Jeeves was my first canal boat, which I purchased around 1973. I spent many happy hours stripping out the interior and employing my limited DIY skills to adapt it to my requirements. The exterior was painted for me by Ron Hough at Braunston, which is where the first picture above was taken. I repainted the interior myself, including the doors which I made. I will be posting more pictures as time allows. I do not know anything about the boat's true history, but older hands told me she was a cut-down 'Joey' boat made of riveted cast iron with a new large counter and decking in steel. She measured 36 feet in length and was certainly very robust, never creating any huge dramas for a totally novice crew. I have posted the story of Aries, my much larger second boat under its own name. The interior, looking aft.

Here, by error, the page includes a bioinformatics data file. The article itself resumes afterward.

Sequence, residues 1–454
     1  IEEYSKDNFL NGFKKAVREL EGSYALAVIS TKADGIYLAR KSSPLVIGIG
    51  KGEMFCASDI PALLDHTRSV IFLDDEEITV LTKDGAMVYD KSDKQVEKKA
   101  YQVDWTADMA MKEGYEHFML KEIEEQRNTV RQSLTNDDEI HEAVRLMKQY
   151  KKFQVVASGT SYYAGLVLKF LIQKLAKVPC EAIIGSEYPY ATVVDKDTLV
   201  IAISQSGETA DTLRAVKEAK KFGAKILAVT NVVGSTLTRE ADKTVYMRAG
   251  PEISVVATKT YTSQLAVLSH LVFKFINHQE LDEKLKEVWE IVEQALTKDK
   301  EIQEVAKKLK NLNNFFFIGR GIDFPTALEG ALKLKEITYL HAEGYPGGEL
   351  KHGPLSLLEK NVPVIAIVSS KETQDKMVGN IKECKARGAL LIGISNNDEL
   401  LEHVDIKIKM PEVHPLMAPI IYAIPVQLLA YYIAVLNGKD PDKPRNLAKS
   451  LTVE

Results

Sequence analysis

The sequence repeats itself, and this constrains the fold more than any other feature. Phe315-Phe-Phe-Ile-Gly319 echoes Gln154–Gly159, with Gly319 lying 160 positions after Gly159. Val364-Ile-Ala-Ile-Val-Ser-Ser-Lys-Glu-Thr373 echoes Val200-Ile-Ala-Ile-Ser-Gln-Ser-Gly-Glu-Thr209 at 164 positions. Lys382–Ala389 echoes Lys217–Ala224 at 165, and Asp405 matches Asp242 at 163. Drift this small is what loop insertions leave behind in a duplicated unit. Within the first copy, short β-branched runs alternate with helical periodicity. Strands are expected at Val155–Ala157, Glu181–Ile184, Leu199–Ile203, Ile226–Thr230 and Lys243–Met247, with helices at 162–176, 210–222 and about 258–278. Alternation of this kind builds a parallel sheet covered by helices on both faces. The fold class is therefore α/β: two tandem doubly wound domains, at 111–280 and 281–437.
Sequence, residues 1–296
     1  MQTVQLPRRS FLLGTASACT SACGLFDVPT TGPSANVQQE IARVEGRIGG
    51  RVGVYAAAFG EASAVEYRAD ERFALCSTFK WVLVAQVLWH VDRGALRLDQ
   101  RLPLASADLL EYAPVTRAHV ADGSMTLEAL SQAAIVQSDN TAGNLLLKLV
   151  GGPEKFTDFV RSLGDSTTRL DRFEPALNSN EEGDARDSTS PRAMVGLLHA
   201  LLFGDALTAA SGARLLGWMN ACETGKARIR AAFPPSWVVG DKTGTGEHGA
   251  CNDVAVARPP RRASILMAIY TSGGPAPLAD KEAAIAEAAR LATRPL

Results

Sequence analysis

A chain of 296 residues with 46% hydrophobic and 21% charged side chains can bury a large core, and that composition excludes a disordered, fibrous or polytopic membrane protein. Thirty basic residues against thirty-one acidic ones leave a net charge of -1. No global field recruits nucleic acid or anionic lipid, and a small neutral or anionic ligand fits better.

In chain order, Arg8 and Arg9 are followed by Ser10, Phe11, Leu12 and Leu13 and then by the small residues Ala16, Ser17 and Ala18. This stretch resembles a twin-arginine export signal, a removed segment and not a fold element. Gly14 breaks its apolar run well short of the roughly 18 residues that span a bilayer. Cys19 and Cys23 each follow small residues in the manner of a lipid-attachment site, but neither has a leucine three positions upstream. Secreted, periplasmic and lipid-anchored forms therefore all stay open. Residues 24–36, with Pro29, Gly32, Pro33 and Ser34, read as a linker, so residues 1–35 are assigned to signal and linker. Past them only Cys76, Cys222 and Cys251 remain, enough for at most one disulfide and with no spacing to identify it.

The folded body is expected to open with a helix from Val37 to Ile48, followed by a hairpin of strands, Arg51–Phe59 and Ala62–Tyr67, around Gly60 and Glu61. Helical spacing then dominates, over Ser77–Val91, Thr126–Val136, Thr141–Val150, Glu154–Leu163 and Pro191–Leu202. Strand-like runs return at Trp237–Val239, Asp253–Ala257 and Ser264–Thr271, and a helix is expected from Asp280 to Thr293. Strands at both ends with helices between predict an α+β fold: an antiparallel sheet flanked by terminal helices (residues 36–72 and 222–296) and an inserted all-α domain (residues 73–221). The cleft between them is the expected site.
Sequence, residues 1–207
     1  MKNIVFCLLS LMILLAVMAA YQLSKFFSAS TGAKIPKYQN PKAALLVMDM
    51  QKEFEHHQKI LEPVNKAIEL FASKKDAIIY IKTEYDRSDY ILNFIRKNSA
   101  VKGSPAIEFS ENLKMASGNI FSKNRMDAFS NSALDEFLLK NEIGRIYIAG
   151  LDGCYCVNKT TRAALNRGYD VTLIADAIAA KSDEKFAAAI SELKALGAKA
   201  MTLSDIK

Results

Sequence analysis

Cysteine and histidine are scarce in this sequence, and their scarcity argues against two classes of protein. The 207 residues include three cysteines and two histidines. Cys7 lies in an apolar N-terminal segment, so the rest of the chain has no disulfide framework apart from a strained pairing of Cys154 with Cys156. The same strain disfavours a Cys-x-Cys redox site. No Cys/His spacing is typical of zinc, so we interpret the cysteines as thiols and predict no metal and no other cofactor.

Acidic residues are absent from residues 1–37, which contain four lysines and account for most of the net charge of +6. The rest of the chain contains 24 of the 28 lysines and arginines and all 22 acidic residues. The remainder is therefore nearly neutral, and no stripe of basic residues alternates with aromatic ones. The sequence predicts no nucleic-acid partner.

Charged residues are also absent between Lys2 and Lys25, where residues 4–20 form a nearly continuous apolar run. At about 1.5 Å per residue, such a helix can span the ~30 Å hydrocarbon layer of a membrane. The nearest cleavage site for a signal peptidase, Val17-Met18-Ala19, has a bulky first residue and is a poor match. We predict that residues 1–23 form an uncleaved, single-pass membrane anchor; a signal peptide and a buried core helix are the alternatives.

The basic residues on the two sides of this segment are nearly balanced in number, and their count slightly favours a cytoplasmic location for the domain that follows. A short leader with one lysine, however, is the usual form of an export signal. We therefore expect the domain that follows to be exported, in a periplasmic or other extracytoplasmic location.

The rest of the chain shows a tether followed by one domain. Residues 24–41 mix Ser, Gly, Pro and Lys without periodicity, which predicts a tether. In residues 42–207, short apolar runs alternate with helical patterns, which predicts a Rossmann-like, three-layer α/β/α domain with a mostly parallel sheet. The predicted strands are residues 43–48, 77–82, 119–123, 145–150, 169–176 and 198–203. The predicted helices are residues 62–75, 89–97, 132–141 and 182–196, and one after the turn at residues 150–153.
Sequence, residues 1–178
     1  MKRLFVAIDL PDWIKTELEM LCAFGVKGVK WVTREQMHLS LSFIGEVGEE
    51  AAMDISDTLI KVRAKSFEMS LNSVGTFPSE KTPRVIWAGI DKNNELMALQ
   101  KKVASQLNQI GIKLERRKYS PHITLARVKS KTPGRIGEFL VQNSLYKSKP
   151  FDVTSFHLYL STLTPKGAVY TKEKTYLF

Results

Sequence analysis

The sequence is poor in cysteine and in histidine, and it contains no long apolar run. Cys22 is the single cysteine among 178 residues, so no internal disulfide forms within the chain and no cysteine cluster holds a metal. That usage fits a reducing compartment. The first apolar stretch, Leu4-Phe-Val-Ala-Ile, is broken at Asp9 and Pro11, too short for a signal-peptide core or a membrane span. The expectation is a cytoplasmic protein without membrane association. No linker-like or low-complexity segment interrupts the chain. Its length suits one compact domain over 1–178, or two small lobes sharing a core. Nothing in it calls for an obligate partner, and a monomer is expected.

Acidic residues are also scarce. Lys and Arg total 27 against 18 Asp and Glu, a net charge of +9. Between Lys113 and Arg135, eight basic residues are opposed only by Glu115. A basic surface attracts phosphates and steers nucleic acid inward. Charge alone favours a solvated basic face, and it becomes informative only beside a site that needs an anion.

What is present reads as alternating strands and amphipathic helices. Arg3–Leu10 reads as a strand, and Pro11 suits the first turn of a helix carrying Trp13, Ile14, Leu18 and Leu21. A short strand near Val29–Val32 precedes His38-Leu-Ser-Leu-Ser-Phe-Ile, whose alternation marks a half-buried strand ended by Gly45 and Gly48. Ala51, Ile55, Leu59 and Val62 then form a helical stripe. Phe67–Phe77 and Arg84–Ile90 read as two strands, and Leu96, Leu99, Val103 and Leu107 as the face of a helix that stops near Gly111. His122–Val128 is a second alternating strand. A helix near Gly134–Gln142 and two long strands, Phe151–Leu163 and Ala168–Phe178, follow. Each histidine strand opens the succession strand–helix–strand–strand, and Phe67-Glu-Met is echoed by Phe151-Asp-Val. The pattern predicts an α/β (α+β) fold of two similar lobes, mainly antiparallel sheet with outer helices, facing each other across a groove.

7. Andy, no I do not mind if you share these pics.
  8. Thanks for your kind words, Andy. Unfortunately I was not in the habit of noting where photos were taken and at this length of time afterwards, I do not remember the location. However, it would not be far from Norton Canes, so you are very probably correct in your guess. I will be posting more before long.
  9. Grawar


  10. The Shropshire Union with its splendid scenery was one of our favourite canals. Some scenes from Autumn 1980 at the turn to Great Heywood:
  11. At the end of August 1980, four years after four long years and a large account, Aries was finally back in the water and ready to return to the canals. Some happy cruises followed with my young family and friends.